Shake, shake, shake. Kahlua says, “It is decidedly so.”

Have you had any of these holiday drinks? Do you love the Peppermint Mocha or something else? Chime in.

Pumpkin Product Review #2: Kashi Pumpkin Pecan Chewy Granola Bars

Courtesy of ponsuwan

According to Kashi Yoga-Shule, kashi is a Sanskrit term meant to reference the “divine inner light” that permeates at the center of all beings. How can you find it? Yoga, of course. All flippancy aside, achieving this divine inner light takes time and effort and is a predominant and useful goal of yoga enthusiasts that many of us could probably use.

For most Americans trolling through under the fluorescent lights of their nearest grocery, however, Kashi is not the divine inner light so much as it is some cardboard-tasting crap in that fancy-schmancy organic aisle—you know, the one placed discreetly next to the frozen foods, even though most of the organic, boxed products being sold there seem as though they would sell much better in the “regular” snack aisles.

In the American grocers’ defense, though, Kashi has become a more prominent fixture in the grocery within the last decade. It was the year 2002, in the middle of a Wal-Mart SuperCenter, when I first spotted two shiny, happy faces beaming obnoxiously bright smiles at me from the front of a Kashi GoLean! Crunch cereal box. As mentioned, my immediate thought was, “Wow! That is obnoxious!” Their faces, ones I remember as one older, gray-haired grandma and the other her freckled, red-haired grandson, were side-by-side hugging. Cereal was nowhere in the photo. 

Okay, so a little marketing weirdness to start, but since then, the GoLean! packaging has become much more tame—a bowl of actual cereal with some flying milk in the background, for action—but the taste is the same, and the company, despite or because of–who knows?–their constant endorsement of their “7 whole grains,” is gaining more and more shelf space. Thank goodness, too, because while I do not enjoy every Kashi product, I genuinely enjoy and am willing to pay a little more for some of their products: every one of the cereal bars, the Oatmeal Dark Chocolate cookies, the Peanut Peanut Butter granola bars (last one mentioned not for everyone). I don’t even know if the following statement is an unpopular notion anymore (because I’m too afraid to “get into it” with someone about eating habits and because I’m so afraid of appearing cliché), but I am wholeheartedly behind the movement to eat more foods with natural ingredients, and buying Kashi products gets me a little closer to this goal. (Yes, I know that natural does not necessarily mean great for me.)  

This is why I was really rooting for Kashi’s Pumpkin Pecan Chewy Granola Bars. They were performing as decently as a granola bar could with their nutrition. Too bad they just weren’t passing muster with their taste.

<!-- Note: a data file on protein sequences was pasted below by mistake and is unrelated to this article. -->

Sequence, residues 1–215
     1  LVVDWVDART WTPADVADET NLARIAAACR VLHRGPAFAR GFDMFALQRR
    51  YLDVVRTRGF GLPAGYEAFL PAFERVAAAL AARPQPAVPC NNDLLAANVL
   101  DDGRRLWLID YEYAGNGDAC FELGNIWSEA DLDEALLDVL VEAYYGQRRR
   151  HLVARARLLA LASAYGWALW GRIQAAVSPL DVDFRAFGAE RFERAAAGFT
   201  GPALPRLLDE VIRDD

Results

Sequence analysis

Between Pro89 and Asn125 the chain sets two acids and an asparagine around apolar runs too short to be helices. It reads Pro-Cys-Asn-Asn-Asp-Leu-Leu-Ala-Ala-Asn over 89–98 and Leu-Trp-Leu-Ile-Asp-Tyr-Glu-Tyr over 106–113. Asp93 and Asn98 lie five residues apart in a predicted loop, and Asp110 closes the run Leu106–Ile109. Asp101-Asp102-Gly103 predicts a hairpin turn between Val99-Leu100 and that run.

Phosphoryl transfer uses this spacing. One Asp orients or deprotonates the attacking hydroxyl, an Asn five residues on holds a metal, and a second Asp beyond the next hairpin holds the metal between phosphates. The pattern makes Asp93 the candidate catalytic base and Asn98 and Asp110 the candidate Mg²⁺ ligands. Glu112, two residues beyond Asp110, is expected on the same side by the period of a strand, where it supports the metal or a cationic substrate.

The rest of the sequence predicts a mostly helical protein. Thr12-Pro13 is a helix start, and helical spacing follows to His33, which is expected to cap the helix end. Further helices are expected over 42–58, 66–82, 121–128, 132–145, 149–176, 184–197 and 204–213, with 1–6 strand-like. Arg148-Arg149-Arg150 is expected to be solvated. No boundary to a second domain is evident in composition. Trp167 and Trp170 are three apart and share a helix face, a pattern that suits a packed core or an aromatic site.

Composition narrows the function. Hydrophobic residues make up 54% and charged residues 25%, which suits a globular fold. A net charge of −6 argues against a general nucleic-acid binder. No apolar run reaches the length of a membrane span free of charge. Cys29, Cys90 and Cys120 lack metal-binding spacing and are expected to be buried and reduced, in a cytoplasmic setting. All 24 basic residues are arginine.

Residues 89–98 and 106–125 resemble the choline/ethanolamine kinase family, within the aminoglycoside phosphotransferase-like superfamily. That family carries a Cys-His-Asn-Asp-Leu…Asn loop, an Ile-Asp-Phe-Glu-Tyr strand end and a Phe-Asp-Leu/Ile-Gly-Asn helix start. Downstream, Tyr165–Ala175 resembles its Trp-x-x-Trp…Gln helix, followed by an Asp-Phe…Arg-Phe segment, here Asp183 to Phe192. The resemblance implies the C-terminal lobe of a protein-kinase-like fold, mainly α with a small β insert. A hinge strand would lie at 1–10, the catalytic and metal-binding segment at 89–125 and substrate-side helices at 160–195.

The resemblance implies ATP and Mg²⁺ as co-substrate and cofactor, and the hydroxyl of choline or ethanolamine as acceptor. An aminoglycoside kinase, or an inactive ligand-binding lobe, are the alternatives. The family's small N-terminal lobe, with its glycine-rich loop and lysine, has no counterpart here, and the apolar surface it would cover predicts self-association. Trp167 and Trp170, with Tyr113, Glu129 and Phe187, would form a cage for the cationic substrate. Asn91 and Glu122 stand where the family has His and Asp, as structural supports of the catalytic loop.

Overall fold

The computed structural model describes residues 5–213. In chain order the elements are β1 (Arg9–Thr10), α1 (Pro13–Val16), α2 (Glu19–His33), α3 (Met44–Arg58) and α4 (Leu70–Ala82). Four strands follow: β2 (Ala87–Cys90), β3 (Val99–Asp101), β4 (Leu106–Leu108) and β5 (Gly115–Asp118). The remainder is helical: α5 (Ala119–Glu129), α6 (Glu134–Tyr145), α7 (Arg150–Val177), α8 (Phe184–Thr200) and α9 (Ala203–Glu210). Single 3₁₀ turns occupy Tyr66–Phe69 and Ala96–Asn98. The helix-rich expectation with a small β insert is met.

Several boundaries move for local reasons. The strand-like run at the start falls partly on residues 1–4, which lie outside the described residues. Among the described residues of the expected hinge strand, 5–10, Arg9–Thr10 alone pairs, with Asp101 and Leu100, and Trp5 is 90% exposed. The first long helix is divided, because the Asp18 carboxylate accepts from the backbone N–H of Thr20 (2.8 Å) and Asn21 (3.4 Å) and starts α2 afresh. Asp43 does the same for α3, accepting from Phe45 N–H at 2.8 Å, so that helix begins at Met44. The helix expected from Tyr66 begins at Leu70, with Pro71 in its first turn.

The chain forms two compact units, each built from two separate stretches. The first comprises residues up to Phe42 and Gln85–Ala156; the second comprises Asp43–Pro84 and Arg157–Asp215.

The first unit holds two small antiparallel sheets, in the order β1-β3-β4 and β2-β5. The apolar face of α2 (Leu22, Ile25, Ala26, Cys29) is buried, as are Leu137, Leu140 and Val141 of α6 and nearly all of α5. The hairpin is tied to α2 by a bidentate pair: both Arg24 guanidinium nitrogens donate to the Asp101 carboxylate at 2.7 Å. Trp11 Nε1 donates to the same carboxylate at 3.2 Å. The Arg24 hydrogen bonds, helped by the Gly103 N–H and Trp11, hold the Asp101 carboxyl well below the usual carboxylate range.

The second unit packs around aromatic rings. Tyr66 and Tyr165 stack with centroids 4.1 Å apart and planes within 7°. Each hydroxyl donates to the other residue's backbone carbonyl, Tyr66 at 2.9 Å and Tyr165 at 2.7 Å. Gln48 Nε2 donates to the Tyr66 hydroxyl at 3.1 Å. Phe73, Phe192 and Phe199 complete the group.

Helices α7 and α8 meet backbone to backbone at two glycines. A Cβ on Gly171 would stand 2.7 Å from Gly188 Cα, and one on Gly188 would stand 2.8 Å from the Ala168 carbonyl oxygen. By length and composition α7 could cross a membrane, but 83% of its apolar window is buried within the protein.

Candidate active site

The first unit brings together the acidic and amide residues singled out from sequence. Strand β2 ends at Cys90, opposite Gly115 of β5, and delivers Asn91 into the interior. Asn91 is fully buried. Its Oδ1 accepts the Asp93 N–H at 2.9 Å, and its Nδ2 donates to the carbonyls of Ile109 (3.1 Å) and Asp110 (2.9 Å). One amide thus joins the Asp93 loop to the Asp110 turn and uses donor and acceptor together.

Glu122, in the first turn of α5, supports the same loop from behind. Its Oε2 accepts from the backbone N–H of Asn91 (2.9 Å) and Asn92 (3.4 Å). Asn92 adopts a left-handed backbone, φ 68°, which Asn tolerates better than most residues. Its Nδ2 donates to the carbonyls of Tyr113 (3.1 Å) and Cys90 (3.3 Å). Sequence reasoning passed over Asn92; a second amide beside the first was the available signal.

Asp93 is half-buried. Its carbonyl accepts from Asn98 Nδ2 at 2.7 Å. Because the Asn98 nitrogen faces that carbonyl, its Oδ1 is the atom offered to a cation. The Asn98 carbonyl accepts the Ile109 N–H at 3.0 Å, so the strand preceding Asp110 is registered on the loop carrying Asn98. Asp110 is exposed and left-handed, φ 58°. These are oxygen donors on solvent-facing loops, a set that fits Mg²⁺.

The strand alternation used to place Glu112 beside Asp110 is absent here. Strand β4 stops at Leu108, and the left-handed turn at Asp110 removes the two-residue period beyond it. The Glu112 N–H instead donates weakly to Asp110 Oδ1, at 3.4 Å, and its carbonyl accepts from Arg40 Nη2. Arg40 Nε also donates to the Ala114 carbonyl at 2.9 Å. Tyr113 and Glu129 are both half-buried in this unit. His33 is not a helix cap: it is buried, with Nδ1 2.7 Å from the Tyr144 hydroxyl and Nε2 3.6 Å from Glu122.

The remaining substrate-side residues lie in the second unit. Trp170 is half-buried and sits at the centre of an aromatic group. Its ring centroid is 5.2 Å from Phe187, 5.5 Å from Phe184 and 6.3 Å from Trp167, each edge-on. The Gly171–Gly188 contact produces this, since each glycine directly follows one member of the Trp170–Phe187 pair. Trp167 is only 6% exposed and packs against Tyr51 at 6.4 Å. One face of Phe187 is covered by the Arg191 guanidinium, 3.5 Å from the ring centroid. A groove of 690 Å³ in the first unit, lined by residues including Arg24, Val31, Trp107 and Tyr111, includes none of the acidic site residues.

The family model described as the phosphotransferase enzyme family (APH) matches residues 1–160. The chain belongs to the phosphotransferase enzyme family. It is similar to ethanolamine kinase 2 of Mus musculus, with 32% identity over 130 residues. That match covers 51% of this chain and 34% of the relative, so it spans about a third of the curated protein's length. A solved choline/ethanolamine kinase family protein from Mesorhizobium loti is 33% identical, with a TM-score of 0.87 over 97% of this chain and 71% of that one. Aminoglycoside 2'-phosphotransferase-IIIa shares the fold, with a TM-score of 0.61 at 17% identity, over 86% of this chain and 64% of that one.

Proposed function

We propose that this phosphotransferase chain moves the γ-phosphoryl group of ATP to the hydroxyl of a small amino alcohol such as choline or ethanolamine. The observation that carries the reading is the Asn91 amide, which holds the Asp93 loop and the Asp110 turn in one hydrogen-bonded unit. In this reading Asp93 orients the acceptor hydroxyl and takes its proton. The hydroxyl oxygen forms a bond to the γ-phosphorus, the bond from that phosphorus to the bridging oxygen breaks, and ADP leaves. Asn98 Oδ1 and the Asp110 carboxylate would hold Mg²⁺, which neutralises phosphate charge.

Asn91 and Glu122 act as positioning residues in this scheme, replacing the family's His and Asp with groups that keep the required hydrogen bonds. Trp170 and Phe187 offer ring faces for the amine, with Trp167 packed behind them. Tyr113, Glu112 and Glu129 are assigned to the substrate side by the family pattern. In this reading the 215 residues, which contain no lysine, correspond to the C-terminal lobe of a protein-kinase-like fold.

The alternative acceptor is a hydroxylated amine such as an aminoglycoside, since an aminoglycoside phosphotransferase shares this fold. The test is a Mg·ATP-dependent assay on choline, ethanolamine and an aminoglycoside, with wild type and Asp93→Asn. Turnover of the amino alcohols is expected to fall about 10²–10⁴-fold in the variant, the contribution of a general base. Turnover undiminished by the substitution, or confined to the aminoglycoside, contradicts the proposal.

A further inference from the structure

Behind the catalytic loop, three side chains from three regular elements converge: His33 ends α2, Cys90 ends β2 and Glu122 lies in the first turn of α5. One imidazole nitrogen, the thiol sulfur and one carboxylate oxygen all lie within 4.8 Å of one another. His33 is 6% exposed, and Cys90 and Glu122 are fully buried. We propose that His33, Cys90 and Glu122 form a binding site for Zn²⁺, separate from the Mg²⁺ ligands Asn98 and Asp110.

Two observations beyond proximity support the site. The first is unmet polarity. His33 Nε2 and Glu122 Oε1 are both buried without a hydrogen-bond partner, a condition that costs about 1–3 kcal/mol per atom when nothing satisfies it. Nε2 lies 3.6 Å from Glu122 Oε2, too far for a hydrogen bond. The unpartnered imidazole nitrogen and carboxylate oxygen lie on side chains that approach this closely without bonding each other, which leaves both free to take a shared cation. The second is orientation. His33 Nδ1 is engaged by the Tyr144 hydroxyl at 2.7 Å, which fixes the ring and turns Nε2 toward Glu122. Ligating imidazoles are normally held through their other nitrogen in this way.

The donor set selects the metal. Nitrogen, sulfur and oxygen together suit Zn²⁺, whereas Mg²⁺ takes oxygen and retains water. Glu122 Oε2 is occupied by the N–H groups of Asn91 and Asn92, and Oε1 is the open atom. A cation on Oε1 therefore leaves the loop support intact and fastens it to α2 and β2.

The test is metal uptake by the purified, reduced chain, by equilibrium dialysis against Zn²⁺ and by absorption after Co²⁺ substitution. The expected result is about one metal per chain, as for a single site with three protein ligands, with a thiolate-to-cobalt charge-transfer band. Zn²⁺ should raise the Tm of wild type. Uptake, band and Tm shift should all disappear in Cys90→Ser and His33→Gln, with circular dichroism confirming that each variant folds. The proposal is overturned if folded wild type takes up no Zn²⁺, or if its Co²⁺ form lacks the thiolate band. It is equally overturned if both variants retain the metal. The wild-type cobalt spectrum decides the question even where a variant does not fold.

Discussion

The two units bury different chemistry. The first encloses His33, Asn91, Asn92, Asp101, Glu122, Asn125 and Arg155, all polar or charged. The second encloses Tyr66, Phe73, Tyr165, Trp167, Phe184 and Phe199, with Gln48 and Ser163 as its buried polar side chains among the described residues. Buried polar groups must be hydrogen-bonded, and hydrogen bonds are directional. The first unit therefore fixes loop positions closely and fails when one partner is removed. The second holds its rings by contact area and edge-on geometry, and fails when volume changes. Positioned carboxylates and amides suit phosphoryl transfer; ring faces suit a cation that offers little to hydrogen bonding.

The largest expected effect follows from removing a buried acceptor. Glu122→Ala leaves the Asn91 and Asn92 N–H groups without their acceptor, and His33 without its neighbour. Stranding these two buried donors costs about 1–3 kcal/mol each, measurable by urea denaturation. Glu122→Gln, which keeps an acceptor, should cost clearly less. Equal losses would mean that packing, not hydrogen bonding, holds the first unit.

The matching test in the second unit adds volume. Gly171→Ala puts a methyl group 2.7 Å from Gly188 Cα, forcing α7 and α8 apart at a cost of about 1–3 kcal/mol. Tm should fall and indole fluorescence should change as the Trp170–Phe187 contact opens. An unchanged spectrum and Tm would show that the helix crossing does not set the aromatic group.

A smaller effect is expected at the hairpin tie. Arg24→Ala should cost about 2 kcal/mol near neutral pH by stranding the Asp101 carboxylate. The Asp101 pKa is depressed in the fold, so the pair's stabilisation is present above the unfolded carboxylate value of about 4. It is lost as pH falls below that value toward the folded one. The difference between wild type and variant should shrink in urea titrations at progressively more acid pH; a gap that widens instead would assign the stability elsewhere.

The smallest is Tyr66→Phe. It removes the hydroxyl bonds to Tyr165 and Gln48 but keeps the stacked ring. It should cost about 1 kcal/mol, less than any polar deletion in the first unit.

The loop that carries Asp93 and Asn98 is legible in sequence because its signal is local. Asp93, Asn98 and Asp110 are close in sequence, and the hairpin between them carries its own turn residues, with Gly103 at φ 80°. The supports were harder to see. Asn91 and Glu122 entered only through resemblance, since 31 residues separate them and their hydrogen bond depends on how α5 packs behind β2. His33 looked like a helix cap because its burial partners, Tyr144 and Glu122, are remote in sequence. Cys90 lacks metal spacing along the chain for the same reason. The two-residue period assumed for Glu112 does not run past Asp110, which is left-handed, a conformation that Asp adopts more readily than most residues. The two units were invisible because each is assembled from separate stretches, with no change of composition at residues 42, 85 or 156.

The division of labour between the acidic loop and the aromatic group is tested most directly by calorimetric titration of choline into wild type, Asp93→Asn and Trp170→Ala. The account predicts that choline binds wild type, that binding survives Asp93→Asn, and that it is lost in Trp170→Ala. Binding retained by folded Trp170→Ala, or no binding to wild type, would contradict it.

Here are the pros and cons of this bar:


     *low in sugar, high in fiber, relatively speaking, and no saturated fat

     *warm blend of nutmeg, cinnamon, ginger and related fall flavors

     *the mix of crunch and softness appealing

     *all natural ingredients and that Kashi constant, “7 grains”; goes well with coffee–leaves a little guilty for eating this as a breakfast product


     *nutmeg flavor is pretty strong, too strong, if you ask me

     *the pumpkin fruit layer on top is rather thick and a bit waxy

     *if you’re used to foods containing high fructose corn syrup, you’ll sense the all-natural here

     *Small in size, so I felt done before I could even acquire a good taste. To complete this review, I had to sacrifice and eat two or three (not all at once!).  

Overall grade: C+

Would I buy again?

Yes, I actually would, and here is what I’d do. I would cut these bars into thirds and pair them with a nice, strong coffee and serve them as a precursor to a breakfast or as part of a brunch. Put those little pieces on a cute plate. With all of the other stuff you have to do to prep for breakfast, this will certainly save you a little time.

Kashi, I really do love a number of your products and will continue to support your company. One I recently found and enjoy is your Dark Mocha Almond bars. Unfortunately, your Pumpkin Pecan was not for this gal.

^This product is not to be confused with their Pumpkin Spice Flax, which is even worse, quite frankly. I don’t think I finished that bar.

^^You can find Kashi products at most retail grocery stores, including Giant, Target and Whole Foods.

Baking the American Dream . . . Without Another Trip to the Grocery Plus! Oatmeal Walnut Chocolate Chip Cookie Recipe